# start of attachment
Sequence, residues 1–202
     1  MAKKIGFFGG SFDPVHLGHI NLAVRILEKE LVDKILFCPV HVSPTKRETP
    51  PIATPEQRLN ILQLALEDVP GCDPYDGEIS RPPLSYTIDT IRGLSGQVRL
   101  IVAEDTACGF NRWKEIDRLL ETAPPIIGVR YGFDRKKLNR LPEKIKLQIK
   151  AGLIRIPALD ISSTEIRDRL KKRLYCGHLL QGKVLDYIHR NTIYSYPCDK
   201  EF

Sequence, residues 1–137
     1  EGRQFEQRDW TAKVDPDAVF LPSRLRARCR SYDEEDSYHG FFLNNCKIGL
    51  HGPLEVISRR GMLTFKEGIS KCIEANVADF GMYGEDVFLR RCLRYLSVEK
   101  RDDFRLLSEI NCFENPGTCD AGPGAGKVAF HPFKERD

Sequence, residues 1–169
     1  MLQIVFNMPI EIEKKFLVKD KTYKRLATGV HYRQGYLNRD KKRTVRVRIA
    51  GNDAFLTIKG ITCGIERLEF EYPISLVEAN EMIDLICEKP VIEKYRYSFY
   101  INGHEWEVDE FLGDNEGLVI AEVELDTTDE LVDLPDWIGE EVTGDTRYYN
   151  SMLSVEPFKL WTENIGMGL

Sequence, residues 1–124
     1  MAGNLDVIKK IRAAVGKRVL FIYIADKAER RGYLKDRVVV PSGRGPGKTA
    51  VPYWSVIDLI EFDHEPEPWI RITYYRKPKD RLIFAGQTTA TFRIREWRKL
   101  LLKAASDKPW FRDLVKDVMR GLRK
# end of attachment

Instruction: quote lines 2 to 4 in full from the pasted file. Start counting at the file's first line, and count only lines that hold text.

     1  MAKKIGFFGG SFDPVHLGHI NLAVRILEKE LVDKILFCPV HVSPTKRETP
    51  PIATPEQRLN ILQLALEDVP GCDPYDGEIS RPPLSYTIDT IRGLSGQVRL
   101  IVAEDTACGF NRWKEIDRLL ETAPPIIGVR YGFDRKKLNR LPEKIKLQIK